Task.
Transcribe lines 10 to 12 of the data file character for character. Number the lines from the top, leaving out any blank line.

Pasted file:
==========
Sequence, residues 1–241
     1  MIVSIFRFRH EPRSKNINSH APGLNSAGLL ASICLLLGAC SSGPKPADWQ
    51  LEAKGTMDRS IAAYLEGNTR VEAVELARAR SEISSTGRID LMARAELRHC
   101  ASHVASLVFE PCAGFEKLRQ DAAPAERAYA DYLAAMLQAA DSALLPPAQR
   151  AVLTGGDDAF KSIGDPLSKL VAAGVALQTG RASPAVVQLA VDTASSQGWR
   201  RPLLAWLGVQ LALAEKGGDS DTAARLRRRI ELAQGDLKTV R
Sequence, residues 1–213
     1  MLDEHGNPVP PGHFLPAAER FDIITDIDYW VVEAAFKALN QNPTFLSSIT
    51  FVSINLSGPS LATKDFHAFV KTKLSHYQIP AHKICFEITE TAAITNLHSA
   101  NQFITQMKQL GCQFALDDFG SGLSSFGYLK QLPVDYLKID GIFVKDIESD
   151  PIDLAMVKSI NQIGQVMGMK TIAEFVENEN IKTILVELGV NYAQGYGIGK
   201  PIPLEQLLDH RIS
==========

   101  NQFITQMKQL GCQFALDDFG SGLSSFGYLK QLPVDYLKID GIFVKDIESD
   151  PIDLAMVKSI NQIGQVMGMK TIAEFVENEN IKTILVELGV NYAQGYGIGK
   201  PIPLEQLLDH RIS